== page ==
Snapshot of the man behind Getty
Jonathan Klein, co-founder of the world’s largest photo distributor, on why his business just keeps growing.
Big shot: Jonathan Klein serves more than 100 countries
Next time you look at a picture in a newspaper, on the web or on an advertising billboard, it is more than likely that it got there courtesy of Jonathan Klein.
The 49-year-old South African is the chief executive of Getty Images, the largest distributor of images in the world. From, its US headquarters it sells more than 20 million a year — notably to the media and advertising. But with these sectors hit hard by the recession, surely even an organisation of Getty’s size — it employs more than 1,700 and serves business customers in over 100 countries — must be suffering?
Although Mr Klein says revenue will be down for 2009, “like every company I know”, overall, he is confident about the group’s long-term prospects.
“Funnily enough, we are doing ok. We have held up our portability pretty well and our revenue declines have been relatively modest,” he says.
“We have put in place the foundations that enable us to continue to grow during the recession. We believe the company has a very strong future and are pretty confident that the business will be growing for several years. We don’t know when the recession will end but we know it will, and we will be in good shape then.”
We don’t know when the recession will end but we will be in good shape
He is clearly looking at the bigger picture. And while the former merchant banker does not deny that Getty has been hurt by the difficulties facing the media — the firm’s advertising-agency and corporate business is down and people do not pay as much for a website picture as they do for it to be printed — he points out that the company is “doing well” in other areas.
Getty sells digital images via its iStockphoto website, an online marketplace for images and videos. Photographers, including amateurs, can earn royalties of between 20 and 40 per cent per photo. The site sells an image every second. “It’s one of the most successful e-commerce businesses — one of the few that has taken a community and turned it into commerce without any advertising revenue.”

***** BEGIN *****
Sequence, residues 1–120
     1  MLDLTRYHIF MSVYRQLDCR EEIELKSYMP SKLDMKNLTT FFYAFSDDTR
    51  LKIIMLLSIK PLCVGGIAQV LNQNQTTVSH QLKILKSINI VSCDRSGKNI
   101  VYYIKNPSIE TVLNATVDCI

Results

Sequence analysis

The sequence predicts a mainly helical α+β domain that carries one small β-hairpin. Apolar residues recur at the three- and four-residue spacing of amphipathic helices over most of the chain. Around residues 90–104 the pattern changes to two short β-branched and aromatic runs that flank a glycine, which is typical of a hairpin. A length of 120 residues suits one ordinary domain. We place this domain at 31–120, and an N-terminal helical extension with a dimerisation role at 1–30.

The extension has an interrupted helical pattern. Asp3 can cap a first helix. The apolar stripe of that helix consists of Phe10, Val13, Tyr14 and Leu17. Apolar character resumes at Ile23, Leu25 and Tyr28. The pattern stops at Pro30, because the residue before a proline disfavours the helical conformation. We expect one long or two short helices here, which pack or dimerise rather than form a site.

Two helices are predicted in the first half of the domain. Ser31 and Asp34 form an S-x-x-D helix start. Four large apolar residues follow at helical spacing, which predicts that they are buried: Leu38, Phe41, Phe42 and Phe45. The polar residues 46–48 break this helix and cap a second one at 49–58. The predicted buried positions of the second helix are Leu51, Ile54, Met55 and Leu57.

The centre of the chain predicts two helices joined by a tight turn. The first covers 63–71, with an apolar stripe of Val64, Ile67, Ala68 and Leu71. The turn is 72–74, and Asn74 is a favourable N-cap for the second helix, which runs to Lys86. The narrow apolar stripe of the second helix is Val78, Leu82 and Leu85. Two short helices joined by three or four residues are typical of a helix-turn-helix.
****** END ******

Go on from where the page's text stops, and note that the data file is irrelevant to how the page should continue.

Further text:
Getty also has an exclusive global partnership with Flikr, the world’s largest photo-sharing website, and Getty’s newly launched sports and entertainment editorial business — a rival to Press Association, Reuters and Associated Press — is doing well. Besides, says Mr Klein, “the industry has been though two or three migrations in the past and this is just the latest.
“When we started there was no such thing as digital. Then we figured out how to put a picture on the internet and get paid for it. In 2000/2001, when the dotcom bubble burst, we saw a lot of dollars disappearing. Then, in 2006/7 we began to see classified advertising moving away from newspapers to the web, and more activity on the web, and our business began to slow down. And now, this big recession.”
Mr Klein believes they are “somewhat protected because we are so broadly spread product-wise, geographically and with regard to customers”. Sixty per cent of Getty’s revenue comes from outside the US, their biggest market, and there are plans to expand in Asia and grow iStockphoto outside the UK and US. Developing the editorial business, making pictures more useable and improving the way they produce web pages with pictures are also on the agenda. Mr Klein, it seems, has always taken a long-term approach to business.
He founded Getty 14 years ago with Mark Getty, a fellow banker at Hambros, because they wanted “to build a substantial business in one industry with a very long-term approach.
“I decided to leave the bank and raise some money [£20m] to enable us to do so. We stumbled upon photography. I saw it as a growth area and an industry that technology was about to change fundamentally.
“I saw it as a place where the existing people in the industry would find the changes very scary but we, as outsiders would find opportunity in the changes — a shift from prints and transparencies and analogue to digital distribution.”
Established in the UK, the firm, and Mr Klein, moved to America in 1999 after being reincorporated as a US company.
“It was a very difficult move from a personal perspective, as I had three young children. But it was undoubtedly the right move for the company, and in the long-term, it was also the right move for us personally.”
Listed on the Nasdaq, the company went private in 2008 when it was sold to Hellman & Friedman for $2.4bn — the deal reportedly netted Mr Klein $53m. Mr Getty became a non-executive chairman, while Mr Klein stayed on as chief executive, continuing to run the company in the same way as before.
Has technology not hindered the business, with people now able to take their own photos on mobile phones? “It’s actually helped the business. The iStockphoto community started with people using amateur cameras to take pictures but, as they got better, they upgraded their cameras to get better pictures on to the site. The better the picture, the more you can charge for it, so it has been very positive.”
And Mr Klein, a keen photographer himself, has made some of his own work available for purchase. Two of his pictures, of Andy Roddick at the 2005 Australian Open, are on the Getty Images site.
In the frame
20m+ images sold per year
100 countries served
60 percentage of Getty’s revenue that come from outside the US